Zimbabwe Land Series Introduction

In September 2008, the parties to the Global Political Agreement (GPA) committed themselves to conducting a comprehensive, transparent and non?partisan land audit, and ensure that all Zimbabweans shall be considered for allocation of land irrespective of race, gender or political affiliation. They also agreed to ensure security of land tenure, to work towards restoring full agricultural productivity, and to secure  compensation for the former land owners.

Sokwanele believes that discussion on these and other key land policy issues should now begin. The intention is to open space for dialogue by encouraging Zimbabweans from all walks of like, including the Diaspora, to engage in an informed and vibrant online debate.

Sokwanele has therefore invited two specialists on land in Zimbabwe, Prof. Mandi Rukuni and Dr. Dale Doré, to present a series of discussion papers on our website. They have each agreed to write a series of articles over a year on key historical, legal, social and economic issues that have come to define land policy in Zimbabwe. The hope is that Zimbabweans will comment on their ideas through the internet in what should prove to be a lively debate.

The two invited contributors have each prepared a framework paper which introduces and outlines their series of articles. Mandi Rukuni takes an organic and holistic approach towards building a free, fair, just and caring society. His approach is founded on the belief that Zimbabweans should create a new history to become a model African society, whose foundation is not only truly African, but also an effective member and contributor to common global welfare. Dale Doré examines how the nationalist narrative of land has driven land policies that have undermined property rights, the agricultural economy, and the rule of law. His approach is founded on the need to treat land as an economic resource within the context of international law. In particular, he argues that secure property rights form the basis for commercialising smallholder agriculture and the structural transformation of the economy.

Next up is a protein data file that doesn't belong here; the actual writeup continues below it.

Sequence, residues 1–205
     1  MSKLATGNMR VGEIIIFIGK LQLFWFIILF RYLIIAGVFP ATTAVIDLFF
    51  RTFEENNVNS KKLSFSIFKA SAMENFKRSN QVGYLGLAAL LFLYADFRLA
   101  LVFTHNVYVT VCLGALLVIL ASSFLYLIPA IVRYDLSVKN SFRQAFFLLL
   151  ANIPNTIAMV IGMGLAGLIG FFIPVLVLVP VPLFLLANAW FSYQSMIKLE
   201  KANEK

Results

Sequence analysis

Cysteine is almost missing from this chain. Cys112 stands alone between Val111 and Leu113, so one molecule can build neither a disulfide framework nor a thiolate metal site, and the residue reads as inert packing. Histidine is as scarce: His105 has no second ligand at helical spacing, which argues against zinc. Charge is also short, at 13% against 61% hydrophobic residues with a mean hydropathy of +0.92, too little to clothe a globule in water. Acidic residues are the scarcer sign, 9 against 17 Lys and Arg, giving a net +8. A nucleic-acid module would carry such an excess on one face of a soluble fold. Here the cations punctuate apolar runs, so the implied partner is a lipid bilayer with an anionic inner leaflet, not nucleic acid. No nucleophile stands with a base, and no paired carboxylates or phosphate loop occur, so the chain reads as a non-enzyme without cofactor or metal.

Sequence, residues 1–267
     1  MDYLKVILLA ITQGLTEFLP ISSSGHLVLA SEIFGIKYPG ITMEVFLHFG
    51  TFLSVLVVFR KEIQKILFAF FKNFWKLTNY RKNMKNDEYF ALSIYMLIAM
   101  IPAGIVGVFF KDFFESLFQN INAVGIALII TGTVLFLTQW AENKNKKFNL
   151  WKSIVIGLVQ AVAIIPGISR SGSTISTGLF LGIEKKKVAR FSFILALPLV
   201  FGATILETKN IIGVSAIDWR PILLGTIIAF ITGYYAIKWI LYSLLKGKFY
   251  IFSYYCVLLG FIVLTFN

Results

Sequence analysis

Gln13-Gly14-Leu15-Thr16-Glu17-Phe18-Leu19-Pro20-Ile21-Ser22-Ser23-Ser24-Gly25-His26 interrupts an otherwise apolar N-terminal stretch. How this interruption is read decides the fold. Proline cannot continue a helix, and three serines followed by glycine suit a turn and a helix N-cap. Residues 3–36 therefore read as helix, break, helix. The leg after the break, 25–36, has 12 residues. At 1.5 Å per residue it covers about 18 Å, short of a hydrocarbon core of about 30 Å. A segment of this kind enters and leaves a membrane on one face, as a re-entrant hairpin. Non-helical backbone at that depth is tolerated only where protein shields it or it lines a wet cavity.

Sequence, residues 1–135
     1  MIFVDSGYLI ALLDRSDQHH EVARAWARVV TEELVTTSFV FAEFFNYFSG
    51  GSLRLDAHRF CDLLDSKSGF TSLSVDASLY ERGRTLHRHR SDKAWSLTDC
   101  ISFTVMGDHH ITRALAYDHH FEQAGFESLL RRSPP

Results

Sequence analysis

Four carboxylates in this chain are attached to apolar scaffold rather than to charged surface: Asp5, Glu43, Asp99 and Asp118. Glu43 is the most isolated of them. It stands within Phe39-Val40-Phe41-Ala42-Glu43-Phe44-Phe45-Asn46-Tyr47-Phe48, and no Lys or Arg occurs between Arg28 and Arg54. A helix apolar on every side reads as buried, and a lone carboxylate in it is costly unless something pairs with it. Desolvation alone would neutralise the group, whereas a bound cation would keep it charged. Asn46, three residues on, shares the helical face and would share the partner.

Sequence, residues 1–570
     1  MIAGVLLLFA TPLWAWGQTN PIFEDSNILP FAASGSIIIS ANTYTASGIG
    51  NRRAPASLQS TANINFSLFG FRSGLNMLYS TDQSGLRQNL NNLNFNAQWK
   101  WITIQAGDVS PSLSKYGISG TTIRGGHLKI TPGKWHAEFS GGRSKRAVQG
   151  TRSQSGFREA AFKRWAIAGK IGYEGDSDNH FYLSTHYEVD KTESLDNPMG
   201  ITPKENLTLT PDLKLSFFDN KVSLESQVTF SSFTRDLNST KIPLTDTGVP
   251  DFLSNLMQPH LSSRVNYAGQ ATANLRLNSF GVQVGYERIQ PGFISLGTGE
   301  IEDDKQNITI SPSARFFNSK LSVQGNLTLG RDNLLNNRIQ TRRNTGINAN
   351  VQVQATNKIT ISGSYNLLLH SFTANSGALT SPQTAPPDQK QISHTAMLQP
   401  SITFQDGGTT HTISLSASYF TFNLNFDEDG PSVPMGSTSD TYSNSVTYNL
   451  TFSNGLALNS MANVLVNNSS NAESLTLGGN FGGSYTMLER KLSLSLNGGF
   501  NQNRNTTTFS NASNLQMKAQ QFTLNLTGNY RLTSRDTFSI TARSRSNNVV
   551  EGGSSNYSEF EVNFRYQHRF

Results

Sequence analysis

Mandi Rukuni is a distinguished scholar, having published 12 academic books and more than 100 research articles. He was Professor of Agricultural Economics for 20 years and served as Dean of Agriculture at the University of Zimbabwe. During his tenure he was invited to Chair the Commission of Inquiry into Land Tenure Systems in Zimbabwe in 1993.

In 1998 he was appointed as Director of the Africa Program for the W. K. Kellogg Foundation where he worked before being asked by the World Bank in 2009 to facilitate Cabinet retreats to support Zimbabwe’s newly formed Inclusive Government. He is currently the Zimbabwe Land Series: Introduction

Founder and Executive Chairman of the Mandi Rukuni Seminar Group which includes IBS Consulting and the Wisdom Afrika Leadership Academy (WALA). He is also the Founder and Trustee of the Barefoot Education Trust for Afrika (BEAT).

Dale Doré is a former Oxford scholar and agricultural economist with a special interest in the economics of land tenure systems and the structural transformation of the economy. He has consulted widely on land, rural livelihoods and environmental issues within communal areas of Southern Africa. From 1997 to 2000 he was the regional research co?ordinator of a community?based natural resource management programme in 5 SADC countries. He is currently a Trustee and Director of Shanduko (Centre for Agrarian and Environmental Research), which seeks to promote economically viable livelihoods that are socially acceptable and environmentally sustainable within the context of human rights, democracy and good governance. He was recently invited by UNDP to join a group of eminent economists to prepare a  Comprehensive Economic Recovery Strategy for Zimbabwe.

Full series available on sokwanele.com